Guidelines for Ordering Lab TestsMental health clinicians often ask for a single, black-and-white answer to the question: Which lab tests should I order before starting this particular medication? Inevitably, the answer is that it depends. However, there are some guidelines that are useful.

When it comes to ordering lab tests, it sometimes feels like we are “damned if we do, and damned if we don’t.” Order too many tests, and you cost the health system money for potentially little gain—and your tests could yield false-positive abnormalities that lead to further unnecessary testing. Order too few tests, and you may miss a genuine problem.

If you want to order the appropriate tests, I recommend that you keep four key factors in mind: 1) Anticipated likelihood of an abnormal result; 2) Cost of the test; 3) Potential seriousness of the abnormality that may be found; and 4) The potential to treat the abnormality, if found.

The probability of an abnormal test—often referred to as the pretest probability—should influence your decision. If a positive result is extremely unlikely, then ordering a test for everyone will make each positive result expensive—depending on how expensive the test is. In an effort to determine the cost-effectiveness of lab tests, researchers from Spain retrospectively reviewed all lab tests done on 510 patients hospitalized at a psychiatric hospital in Madrid from 2000–2005. By dividing the costs of all tests by the number of abnormal results, they determined the “direct cost” of a given abnormal test (Arce-Cordon R et al, Psychiatr Serv 2007;58(12):1602–1605).

This direct cost (in 2005 dollars) varied considerably among psychiatric inpatients, eg., an abnormal creatinine was only 52 cents, an abnormal GGT (gammaglutamyltransferase) was $2.36, and an abnormal thyroid stimulating hormone (TSH) was $47.40. Whether these costs are acceptable is a judgment call and depends on whether a patient is likely to actually benefit. For example, paying $47.40 for an abnormal TSH may be a bargain if it helps you identify hypothyroidism. Similarly, iron deficiency in a person with restless leg syndrome is a problem that, if identified, can be easily remedied. At the other extreme, ordering a complete blood count for a patient starting mirtazapine is probably not cost-effective, since agranulocytosis is an extremely rare side effect of that antidepressant.

The pre-test probability of an abnormal test results varies with patient characteristics. In general, the literature shows that among psychiatric patients, lab tests are most likely to be valuable in the elderly, the poor, those with a history of substance abuse, and those who are disoriented or otherwise appear to have a mental disorder secondary to another medical condition (Anfinson TJ and Kathol RG, Gen Hosp Psychiatry 1992;14(4):248–257).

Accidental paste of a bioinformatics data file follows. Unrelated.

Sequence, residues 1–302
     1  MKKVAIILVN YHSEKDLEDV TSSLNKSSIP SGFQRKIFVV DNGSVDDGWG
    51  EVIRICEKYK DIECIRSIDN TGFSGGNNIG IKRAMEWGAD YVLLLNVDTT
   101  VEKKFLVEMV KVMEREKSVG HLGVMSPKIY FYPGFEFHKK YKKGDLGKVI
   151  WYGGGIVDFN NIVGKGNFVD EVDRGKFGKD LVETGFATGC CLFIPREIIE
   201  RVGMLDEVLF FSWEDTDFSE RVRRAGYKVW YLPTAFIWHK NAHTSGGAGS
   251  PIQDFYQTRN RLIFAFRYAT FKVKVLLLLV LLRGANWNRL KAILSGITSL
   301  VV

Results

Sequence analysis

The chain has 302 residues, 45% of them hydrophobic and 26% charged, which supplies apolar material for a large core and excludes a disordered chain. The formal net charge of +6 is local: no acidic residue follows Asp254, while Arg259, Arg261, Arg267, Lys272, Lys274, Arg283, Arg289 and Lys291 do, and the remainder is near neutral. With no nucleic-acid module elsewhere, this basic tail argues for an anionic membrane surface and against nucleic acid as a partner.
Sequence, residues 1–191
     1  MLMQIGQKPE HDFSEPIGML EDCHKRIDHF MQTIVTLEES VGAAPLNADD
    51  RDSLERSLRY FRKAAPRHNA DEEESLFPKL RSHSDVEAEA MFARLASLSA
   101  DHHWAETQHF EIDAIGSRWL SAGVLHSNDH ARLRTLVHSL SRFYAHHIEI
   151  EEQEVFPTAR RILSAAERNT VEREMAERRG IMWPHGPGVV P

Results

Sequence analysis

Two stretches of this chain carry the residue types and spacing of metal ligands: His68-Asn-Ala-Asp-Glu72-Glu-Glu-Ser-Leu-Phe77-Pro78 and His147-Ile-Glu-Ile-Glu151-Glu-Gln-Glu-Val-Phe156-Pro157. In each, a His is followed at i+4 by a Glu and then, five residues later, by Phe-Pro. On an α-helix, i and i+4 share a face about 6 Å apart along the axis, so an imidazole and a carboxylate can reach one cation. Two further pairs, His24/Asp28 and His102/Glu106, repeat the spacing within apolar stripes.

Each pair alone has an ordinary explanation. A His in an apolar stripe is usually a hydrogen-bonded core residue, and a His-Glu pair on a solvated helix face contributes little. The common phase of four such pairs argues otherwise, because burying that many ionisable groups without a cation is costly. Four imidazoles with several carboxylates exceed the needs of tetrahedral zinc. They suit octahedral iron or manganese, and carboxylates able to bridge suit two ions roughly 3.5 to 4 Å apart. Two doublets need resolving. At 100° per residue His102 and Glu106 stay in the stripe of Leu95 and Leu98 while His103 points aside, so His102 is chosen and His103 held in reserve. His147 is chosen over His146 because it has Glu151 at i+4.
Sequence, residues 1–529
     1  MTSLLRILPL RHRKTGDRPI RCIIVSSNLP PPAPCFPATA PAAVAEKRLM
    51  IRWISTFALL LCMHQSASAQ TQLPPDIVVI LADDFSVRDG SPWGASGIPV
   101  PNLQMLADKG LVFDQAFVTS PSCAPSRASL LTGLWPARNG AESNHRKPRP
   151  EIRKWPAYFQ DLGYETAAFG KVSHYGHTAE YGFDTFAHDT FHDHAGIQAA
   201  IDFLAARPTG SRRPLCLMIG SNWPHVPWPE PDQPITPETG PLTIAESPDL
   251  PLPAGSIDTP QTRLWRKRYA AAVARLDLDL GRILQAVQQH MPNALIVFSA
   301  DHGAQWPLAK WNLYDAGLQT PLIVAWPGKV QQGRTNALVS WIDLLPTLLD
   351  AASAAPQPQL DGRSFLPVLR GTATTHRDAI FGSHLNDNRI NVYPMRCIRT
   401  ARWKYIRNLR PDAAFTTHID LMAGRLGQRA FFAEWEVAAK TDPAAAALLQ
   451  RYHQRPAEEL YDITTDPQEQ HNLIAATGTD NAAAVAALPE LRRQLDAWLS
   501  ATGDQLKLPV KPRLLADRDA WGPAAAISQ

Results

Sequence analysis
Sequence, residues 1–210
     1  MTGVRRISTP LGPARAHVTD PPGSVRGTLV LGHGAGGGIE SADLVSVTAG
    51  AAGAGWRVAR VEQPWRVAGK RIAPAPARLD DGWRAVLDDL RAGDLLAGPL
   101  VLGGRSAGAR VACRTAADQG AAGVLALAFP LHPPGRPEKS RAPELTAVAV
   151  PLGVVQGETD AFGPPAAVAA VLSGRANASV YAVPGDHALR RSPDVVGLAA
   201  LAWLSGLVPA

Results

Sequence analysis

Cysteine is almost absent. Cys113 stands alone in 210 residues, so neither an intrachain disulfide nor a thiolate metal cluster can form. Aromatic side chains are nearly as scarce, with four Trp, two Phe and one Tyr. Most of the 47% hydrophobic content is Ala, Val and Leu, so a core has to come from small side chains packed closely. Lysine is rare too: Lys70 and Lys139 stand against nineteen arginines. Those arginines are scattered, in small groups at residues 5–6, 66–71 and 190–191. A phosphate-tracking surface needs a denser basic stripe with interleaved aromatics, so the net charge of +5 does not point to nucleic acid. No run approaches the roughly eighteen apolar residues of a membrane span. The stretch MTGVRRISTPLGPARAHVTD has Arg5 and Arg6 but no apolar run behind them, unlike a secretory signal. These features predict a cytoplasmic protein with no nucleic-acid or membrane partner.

Thus, we should keep in mind that any laboratory testing recommendations are a framework of suggestions and not rigid guidelines to be followed unvaryingly.

Reasons to order lab tests in psychiatric patients

Deciding which lab tests to order in a particular situation becomes clearer if we keep in mind why we are ordering the tests. Here are four common reasons why psychiatrists might order labs on their patients.

1. Assess your patient’s general health. While you probably don’t consider yourself to be a primary care physician, you may have patients who rarely, if ever, see any other doctor for regular checkups. One study, for example, found several abnormalities to be surprisingly common among psychiatric inpatients: hepatic impairment (66%), hepatitis B (16%), and HIV (14%) (Lopez-Castroman J et al, Int J Psychiatry Med 2012;44(3):211–224). At least one criterion for metabolic syndrome was met in 68% of these patients! Even if you order labs to evaluate general health status, the person should also be referred to a primary care physician as soon as possible since preventive healthcare goes beyond simply ordering a few laboratory tests. We should also try to establish a simple and regular system to share lab test results with the primary care physician in both directions.


This article originally appeared in:

The Carlat Psychiatry Report
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This article was published in print November/December 2015 in Volume:Issue 13:11&12.